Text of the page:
Students in Jennifer Luna’s third-grade class had an “Alleluia Parade” on Fat Tuesday. (Submitted photo)

After the Pączki had been eaten and the last Alleluia had been sung, parents throughout the archdiocese helped their children to shift into the penitential season of lent.

Saying Goodbye to Alleluia

Jennifer Luna’s third-grade class at St. Eugene School had an “Alleluia Parade” on Fat Tuesday to symbolically put away the Gospel Acclamation until Easter. Students made banners and processed through the hallways singing as their classmates watched and clapped.

Erin M. shared her daughter’s reaction to losing Alleluia for a season: “This is her favorite church song. She started crying when I told her we can’t sing the alleluia song from Ash Wednesday to Easter. Literally crying real tears.”

If your children are similarly saddened by the thought of not using the “A-word” for Lent, remind them that we are, as Pope St. John Paul II put it, an “Easter people.” We will pass through Lent and the Triduum into the gloriousness of Easter joy.

Preparing Home Altars and other Décor

“The Christian family is the first place of education in prayer. Based on the sacrament of marriage, the family is the ‘domestic church’ where God’s children learn to pray ‘as the Church’ and to persevere in prayer. For young children, in particular, daily family prayer is the first witness of the Church’s living memory as awakened patiently by the Holy Spirit.” – Catechism of the Catholic Church, 2685

Much like the beauty of our churches — the stained glass, statuary and liturgical environments — can teach our children without words, our homes can help young children to better understand liturgical seasons. This does not need to be an expensive or even time-consuming enterprise, and small changes can make a big impact.

“We are making a crown of thorns out of a bare wreath and toothpicks … whenever someone does something nice, they get to take a thorn out of Jesus’ crown (then overnight on Easter I’ll take the thorns away and replace them with flowers).”- Connie P.

“I’m changing out my front door wreath for a simple grapevine wreath with a purple ribbon. We will be swapping the linens out on our home altar with purple ones to reflect Lent and will have a ‘sacrifice vase’ where we can add a pebble and say ‘I love you, Jesus,’ whenever we feel tempted to ‘cheat’ on our promise.” – Anonymous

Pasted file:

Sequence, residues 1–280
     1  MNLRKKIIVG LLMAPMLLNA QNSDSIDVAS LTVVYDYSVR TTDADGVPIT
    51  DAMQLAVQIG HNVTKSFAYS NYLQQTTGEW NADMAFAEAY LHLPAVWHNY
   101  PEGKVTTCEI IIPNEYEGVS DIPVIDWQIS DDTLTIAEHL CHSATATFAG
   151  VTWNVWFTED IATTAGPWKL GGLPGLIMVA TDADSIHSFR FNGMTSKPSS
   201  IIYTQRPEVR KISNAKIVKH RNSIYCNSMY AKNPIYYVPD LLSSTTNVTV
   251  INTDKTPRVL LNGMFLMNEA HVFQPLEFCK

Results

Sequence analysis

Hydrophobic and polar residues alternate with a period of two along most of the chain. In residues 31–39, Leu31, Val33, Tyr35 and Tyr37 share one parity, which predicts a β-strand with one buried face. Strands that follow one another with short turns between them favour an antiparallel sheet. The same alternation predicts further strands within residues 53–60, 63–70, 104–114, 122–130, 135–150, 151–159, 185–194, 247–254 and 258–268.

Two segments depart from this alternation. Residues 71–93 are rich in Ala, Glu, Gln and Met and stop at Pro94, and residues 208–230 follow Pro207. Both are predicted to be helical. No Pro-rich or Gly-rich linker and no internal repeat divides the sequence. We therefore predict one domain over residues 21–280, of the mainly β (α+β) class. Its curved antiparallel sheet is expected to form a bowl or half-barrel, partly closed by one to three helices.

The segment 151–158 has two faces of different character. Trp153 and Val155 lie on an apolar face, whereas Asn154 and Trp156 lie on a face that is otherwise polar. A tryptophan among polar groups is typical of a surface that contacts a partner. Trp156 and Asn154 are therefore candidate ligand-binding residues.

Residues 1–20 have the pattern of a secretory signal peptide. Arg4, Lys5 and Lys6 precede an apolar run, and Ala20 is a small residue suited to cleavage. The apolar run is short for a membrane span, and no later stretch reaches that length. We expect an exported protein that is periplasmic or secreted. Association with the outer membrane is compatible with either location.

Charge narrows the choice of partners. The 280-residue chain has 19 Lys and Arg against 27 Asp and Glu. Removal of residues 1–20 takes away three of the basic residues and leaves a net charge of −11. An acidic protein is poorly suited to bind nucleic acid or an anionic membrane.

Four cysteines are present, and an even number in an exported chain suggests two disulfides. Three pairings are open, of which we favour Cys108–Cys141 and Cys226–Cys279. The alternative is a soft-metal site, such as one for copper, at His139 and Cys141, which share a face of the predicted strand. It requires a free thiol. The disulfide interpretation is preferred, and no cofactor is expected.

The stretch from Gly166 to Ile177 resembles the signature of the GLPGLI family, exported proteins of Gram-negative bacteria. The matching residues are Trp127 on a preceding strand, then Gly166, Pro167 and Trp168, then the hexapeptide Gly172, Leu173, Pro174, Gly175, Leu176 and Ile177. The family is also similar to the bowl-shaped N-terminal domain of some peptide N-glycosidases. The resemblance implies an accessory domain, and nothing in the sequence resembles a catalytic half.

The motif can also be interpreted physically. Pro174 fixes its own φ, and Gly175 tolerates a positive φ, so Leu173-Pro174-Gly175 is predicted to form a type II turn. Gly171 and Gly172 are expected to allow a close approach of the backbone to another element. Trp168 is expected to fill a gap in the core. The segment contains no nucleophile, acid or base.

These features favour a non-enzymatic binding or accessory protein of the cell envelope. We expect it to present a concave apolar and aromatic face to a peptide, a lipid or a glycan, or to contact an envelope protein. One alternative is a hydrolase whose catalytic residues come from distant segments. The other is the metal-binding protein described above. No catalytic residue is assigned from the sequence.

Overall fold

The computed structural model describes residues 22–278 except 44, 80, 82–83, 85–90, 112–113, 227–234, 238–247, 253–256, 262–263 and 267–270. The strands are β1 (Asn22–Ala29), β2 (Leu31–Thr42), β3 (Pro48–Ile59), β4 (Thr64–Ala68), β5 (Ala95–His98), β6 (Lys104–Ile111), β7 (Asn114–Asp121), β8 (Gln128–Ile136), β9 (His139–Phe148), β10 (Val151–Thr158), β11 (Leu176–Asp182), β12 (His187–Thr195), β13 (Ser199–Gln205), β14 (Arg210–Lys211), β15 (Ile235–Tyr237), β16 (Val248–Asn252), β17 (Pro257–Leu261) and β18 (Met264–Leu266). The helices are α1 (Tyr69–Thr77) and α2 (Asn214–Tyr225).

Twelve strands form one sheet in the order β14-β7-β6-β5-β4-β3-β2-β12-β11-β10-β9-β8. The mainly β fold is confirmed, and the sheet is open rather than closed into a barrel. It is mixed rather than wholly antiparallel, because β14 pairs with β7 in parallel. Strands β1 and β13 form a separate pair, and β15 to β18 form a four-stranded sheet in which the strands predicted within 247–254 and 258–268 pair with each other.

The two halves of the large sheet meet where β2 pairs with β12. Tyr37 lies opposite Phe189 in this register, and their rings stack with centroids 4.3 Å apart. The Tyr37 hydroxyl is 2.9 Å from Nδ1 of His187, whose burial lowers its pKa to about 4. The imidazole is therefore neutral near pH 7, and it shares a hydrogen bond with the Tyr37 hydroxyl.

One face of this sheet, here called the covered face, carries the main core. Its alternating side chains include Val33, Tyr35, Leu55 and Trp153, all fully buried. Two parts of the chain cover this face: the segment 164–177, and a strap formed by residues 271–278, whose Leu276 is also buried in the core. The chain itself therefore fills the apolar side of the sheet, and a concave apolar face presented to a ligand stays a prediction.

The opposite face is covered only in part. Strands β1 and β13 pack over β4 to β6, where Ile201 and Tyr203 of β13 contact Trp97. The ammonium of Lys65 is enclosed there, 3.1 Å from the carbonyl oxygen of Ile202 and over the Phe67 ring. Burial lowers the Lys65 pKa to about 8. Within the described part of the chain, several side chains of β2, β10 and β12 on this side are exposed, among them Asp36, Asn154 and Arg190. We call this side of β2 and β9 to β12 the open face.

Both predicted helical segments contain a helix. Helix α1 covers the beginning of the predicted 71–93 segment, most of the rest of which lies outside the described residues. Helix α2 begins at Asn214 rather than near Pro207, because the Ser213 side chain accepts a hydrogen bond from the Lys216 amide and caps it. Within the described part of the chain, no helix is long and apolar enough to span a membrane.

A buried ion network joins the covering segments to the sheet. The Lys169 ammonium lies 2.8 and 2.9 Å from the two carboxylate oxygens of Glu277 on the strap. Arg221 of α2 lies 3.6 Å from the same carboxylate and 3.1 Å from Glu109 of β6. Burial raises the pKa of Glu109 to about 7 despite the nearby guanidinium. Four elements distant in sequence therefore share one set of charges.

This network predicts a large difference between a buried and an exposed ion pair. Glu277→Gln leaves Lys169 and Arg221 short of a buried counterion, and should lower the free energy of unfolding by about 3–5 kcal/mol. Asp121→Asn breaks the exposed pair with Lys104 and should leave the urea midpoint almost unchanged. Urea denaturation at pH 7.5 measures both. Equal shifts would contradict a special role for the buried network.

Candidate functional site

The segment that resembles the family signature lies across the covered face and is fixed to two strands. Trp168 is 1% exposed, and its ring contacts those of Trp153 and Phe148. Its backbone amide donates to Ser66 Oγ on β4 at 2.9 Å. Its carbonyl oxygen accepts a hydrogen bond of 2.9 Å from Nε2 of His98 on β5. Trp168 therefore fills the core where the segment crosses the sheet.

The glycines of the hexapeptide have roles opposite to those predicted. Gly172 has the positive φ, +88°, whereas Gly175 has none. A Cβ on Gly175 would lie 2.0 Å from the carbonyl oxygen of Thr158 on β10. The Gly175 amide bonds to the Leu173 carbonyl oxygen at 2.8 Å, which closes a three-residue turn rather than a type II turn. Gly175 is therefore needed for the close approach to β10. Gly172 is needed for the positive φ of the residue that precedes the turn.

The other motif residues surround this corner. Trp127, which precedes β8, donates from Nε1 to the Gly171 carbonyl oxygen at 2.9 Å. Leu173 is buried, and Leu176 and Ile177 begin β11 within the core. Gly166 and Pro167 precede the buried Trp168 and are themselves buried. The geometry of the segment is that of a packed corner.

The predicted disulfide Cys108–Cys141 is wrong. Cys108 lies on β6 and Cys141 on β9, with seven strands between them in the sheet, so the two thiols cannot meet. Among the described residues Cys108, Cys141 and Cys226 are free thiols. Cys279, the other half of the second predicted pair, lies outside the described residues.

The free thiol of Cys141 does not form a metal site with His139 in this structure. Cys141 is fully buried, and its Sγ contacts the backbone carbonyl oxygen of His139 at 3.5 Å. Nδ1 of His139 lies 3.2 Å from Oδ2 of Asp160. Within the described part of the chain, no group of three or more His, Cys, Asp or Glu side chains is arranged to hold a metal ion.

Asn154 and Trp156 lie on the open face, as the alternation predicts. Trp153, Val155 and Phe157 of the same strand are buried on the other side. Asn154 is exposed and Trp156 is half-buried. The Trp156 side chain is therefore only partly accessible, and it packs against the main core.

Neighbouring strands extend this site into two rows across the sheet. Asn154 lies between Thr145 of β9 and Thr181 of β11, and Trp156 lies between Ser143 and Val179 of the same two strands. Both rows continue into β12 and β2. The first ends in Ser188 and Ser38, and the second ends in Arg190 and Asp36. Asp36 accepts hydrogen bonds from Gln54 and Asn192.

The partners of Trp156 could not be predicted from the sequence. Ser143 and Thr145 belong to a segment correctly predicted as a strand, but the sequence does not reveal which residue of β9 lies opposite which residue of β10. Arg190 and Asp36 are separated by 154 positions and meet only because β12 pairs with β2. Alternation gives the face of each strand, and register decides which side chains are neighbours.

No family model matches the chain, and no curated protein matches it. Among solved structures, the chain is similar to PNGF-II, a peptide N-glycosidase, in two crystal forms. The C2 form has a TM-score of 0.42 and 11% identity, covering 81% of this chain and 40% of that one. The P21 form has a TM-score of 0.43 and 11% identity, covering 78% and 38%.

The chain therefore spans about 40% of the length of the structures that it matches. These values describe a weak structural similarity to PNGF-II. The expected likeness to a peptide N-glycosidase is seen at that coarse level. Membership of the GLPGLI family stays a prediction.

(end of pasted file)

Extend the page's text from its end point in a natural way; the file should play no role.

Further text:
Making Lenten Commitments

Helping children discern their Lenten commitments can be difficult. Dr. MaryRuth Hackett from Catholic Spiritual Direction notes: “Giving up their favorite things for the entirety of Lent, however, is something that should be child-led, rather than done out of obligation. The point of fasting is to detach oneself spiritually and encounter a deeper union with the Lord. It is to set aside some aspect of your day as a sacrifice. It is not designed to make us unhappy.”

The Milwaukee Catholic Mamas shared what they and their children will be sacrificing:

“My younger girls are doing 40 items for 40 days. Each day, they’ll select a toy, book or piece of clothing to give away.” – Christine T.

“We talked how prayer, fasting and almsgiving are related. Daniel decided to give up his screen time (he did it during Advent voluntarily and was the only one who kept it at home to the end. The teacher even reached out to find out why he was falling behind so much in one of the apps). Doing so helps him to build a healthier relationship with himself by not becoming a slave to screens and knowing he is strong and doesn’t depend on it. Then what is he going to do in his not-screen time? Pray and read scriptures, which will strengthen his relationship with God. Still looking for where he can go and read to either younger kids or the elderly, which will be the almsgiving, he will grow his relationship with others, especially on providing his time and talent to strangers. As a family, we are doing other things like giving up eating out, and we will donate that saved money.” – Consuelo O.

“Resurrection Sunday is always joyous but extra if you stick to your Lenten promise. (My son) is deciding between his occasional soda and a video game app (mom’s choice). Can’t wait to see which he decides. My dad always gave up beer with (an) exception for St Patrick’s Day, so I allow myself grace that day, as well, no matter what it is I give up.” – Tina S.

Tina also said, “My nana always said when she was pregnant she gave herself a lot of grace. I just didn’t give anything up. I felt I was already sacrificing so much.”

Whatever one gives up, it is important that we unite our sacrifices and sufferings with Christ on the Cross, praying that by joining in His Passion in some small way, we may also join in His Glory.